What can be done to make more rational choices about cybersecurity and conversely, how does a cybersecurity solution provider develop more rational marketing to address the Paradox of Choice?
Addressing The Paradox
Marketers must overcome the obstacles of irrational decision-making. Procrastination, avoidance to change, scarcity mindset, too much information and overwhelming choices. According to Schwartz, “As a culture, we are enamored of freedom, self-determination, and variety, and we are reluctant to give up any of our options. But clinging tenaciously to all the choices available to us contributes to bad decisions, to anxiety, stress, and dissatisfaction—even to clinical depression.”
We can’t control the number of choices available to us, but we can control how we make choices more efficiently. Likewise, this may help inform marketers of how cyber solutions help alleviate the paradox of choice. First, let’s admit that making good choices is hard work. There is no way to get around the effort it takes to make an informed decision. But this process can be made simpler but establishing a few ground rules.
The Decision Curve
A decision curve may help illustrate the problem. Marketers have taught that options, features and benefits are better but in reality, the comparisons do little to improve decision-making. In reality, the features and benefits of one organization may not address the issues someone else is trying to solve. Small problems are often given very little thought or analysis in understanding the root cause while medium problems take up too much time with over-analysis. And lastly, overly complex problems may cause many to throw their hands and spend too little time attempting to the core of the issues.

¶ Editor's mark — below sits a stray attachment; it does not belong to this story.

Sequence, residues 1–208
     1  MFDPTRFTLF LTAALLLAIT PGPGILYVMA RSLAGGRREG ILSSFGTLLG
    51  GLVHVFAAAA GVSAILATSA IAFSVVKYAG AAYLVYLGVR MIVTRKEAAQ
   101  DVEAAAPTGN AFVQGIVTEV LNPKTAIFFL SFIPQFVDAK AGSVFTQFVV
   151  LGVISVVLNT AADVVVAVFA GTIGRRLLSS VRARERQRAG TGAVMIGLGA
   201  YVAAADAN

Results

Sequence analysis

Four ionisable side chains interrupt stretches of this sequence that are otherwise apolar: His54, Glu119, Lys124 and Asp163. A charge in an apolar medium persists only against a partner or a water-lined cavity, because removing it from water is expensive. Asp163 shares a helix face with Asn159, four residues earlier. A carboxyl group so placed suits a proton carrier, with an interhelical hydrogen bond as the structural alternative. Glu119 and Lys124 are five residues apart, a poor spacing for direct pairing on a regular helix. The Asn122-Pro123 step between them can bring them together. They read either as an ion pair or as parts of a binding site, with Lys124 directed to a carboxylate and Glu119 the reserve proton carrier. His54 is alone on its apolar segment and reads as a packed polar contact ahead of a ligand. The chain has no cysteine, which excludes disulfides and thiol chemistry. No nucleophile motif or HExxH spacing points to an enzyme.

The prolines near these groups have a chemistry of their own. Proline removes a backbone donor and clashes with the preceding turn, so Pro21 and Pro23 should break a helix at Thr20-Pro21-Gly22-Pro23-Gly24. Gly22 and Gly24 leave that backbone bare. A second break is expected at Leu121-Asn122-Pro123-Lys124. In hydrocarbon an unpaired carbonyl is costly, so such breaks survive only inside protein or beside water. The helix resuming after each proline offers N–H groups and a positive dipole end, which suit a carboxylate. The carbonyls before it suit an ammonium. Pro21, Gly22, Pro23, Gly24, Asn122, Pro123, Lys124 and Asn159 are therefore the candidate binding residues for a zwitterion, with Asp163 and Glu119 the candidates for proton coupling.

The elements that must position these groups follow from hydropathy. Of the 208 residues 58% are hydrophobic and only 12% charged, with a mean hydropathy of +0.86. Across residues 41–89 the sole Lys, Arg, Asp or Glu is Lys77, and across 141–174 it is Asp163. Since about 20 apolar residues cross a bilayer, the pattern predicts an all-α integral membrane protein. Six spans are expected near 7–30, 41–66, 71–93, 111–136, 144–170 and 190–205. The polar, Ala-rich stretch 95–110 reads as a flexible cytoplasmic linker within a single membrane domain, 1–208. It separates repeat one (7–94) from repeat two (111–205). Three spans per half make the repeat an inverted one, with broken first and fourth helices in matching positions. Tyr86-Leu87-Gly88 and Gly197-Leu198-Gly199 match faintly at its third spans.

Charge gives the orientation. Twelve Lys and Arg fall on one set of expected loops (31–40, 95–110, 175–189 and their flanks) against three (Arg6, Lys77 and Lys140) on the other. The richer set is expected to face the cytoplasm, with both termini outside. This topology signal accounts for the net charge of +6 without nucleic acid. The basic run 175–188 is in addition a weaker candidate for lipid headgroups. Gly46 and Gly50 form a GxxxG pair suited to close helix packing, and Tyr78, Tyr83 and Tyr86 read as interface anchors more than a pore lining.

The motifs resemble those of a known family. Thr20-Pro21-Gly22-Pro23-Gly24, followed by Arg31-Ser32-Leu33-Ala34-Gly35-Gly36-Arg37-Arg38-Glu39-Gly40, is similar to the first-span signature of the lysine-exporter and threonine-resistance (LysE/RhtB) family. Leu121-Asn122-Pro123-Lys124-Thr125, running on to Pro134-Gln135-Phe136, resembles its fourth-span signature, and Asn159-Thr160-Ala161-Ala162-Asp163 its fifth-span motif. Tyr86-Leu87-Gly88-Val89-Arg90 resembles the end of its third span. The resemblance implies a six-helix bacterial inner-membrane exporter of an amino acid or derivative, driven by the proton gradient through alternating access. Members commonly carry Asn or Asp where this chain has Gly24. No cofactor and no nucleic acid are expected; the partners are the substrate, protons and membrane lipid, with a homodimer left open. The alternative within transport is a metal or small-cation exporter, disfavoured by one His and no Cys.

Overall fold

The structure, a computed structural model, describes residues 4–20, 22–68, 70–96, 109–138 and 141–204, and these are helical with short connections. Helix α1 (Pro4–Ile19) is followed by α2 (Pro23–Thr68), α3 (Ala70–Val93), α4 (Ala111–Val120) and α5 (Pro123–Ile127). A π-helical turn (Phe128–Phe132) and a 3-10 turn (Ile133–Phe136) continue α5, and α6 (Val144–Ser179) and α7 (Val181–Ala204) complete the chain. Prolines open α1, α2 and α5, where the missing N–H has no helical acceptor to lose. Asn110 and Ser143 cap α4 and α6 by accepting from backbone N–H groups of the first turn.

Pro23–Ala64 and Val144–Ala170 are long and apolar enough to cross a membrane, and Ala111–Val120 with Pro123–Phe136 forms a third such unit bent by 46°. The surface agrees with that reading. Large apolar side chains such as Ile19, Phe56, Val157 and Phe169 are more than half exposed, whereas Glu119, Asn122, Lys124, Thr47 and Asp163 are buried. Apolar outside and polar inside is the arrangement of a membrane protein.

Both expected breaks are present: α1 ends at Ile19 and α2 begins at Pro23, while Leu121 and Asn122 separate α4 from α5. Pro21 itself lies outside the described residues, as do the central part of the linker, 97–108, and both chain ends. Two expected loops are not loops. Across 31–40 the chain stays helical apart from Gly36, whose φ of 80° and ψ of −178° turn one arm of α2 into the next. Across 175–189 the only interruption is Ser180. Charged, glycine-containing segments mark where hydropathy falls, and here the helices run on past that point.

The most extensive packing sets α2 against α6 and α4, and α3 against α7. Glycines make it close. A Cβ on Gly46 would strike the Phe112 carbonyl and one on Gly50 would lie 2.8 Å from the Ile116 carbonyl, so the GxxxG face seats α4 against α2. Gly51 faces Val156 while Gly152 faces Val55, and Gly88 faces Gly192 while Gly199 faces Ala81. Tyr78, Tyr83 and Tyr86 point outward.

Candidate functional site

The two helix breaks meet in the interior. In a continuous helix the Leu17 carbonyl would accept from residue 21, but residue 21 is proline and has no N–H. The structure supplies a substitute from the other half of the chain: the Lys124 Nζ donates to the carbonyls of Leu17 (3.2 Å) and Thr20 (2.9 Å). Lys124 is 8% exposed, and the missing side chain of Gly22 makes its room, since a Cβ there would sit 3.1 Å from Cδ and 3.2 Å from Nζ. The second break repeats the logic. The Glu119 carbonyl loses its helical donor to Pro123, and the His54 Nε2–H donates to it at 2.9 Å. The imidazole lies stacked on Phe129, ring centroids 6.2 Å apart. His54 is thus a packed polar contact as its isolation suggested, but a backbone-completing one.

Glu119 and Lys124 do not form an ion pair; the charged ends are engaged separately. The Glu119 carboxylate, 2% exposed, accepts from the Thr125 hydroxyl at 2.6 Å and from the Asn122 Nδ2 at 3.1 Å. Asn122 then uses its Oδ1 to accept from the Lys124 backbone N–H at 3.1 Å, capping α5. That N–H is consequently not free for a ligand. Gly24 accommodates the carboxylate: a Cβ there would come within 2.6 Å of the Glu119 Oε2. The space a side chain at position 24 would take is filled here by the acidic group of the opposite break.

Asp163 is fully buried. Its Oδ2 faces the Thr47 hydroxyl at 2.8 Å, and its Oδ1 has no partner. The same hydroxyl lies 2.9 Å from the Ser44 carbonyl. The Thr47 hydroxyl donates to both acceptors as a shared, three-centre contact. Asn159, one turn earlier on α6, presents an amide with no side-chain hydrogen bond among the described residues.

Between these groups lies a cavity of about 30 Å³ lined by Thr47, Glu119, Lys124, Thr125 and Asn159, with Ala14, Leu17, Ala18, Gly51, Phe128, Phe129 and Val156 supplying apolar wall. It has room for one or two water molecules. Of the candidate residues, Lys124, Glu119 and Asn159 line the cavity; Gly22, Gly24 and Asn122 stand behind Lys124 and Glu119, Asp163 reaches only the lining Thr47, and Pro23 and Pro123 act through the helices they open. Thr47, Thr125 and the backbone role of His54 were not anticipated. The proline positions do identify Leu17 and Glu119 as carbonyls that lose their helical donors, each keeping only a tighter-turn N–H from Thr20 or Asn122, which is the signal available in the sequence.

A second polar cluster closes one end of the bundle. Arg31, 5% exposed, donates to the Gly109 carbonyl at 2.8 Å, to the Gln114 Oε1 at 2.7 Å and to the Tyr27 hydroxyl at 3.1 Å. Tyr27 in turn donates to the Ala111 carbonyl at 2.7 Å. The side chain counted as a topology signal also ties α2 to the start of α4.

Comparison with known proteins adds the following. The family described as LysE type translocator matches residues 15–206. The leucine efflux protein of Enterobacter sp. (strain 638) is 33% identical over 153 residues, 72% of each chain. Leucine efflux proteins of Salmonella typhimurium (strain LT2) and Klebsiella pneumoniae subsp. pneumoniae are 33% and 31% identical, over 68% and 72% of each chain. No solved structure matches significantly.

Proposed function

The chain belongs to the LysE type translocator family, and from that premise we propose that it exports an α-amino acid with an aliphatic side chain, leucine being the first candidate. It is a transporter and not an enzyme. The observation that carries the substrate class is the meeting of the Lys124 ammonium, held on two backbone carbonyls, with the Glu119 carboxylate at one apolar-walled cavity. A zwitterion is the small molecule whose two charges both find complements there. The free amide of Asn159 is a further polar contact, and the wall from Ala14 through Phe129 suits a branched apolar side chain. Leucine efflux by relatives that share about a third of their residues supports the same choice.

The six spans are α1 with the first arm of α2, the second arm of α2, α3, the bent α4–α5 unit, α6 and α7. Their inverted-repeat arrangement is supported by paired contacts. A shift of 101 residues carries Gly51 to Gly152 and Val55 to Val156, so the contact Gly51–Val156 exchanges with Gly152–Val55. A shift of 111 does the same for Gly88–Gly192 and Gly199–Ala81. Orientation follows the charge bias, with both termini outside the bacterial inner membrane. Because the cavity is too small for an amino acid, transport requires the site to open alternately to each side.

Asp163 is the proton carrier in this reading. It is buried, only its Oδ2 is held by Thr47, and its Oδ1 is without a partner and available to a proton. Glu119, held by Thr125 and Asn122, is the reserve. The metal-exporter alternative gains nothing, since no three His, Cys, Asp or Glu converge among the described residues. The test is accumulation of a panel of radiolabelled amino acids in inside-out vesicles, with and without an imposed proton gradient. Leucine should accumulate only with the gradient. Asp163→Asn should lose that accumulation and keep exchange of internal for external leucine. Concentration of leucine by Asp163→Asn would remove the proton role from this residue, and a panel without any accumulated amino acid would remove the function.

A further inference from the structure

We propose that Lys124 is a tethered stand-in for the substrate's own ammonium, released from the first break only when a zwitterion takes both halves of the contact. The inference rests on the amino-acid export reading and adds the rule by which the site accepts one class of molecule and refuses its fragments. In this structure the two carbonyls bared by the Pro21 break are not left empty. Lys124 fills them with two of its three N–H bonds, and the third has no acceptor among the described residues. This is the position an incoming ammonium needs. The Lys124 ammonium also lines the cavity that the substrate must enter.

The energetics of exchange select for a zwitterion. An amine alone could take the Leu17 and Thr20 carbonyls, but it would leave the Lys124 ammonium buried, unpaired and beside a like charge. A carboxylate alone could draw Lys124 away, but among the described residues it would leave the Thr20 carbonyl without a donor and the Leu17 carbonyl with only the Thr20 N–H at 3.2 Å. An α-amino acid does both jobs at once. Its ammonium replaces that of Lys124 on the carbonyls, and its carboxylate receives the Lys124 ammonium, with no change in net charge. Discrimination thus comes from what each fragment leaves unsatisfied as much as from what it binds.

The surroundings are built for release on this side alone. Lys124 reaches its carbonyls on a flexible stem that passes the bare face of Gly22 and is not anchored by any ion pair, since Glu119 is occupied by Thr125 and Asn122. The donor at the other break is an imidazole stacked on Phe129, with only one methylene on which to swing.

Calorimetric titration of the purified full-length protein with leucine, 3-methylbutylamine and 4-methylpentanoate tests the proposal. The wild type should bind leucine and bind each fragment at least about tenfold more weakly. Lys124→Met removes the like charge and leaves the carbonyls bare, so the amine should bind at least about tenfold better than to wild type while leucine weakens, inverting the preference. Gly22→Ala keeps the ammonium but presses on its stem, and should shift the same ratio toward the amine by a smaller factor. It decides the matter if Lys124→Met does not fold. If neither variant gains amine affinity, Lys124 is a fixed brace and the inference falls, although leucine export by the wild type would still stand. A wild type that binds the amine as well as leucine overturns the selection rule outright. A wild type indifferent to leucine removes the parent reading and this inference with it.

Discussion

Developing a formal process of segmenting problems into different categories and dissecting the solutions into systemic solutions may be more efficient than solving one challenge or a big hairy problem. Big complex challenges are the result of a series of small legacy decisions over time.
Secondly, when looking at risk in solving cybersecurity challenges, try to incorporate how the choices one makes impact human performance in maintaining sustainable practice. How will my choice impact others in cybersecurity? How will a product reduce workloads in more than one area of security? What are the downstream and upstream impacts? How does this product enhance performance for the business and operations as well as the security team? Conducting this analysis during non-stressful times is more efficient than waiting until an event happens.
Third, sunk costs, tech debt and legacy systems are a reality in many organizations. How does this decision reduce or add to tech debt? Finally, how does my choice improve my visibility or situational awareness of threats and risks in my security posture? By developing a discipline around how you choose and select cyber security solutions you improve rational decision-making in your security practice. Marketers who have the ability to position their products and services to address your specific needs as opposed to comparisons to others may be best suited to delivering the solutions that are a better fit for your organization.
Don’t become a victim of the Paradox of Choice! Instead, act proactively through a disciplined approach by selecting the solutions that fit how you want to achieve a more rational cybersecurity practice.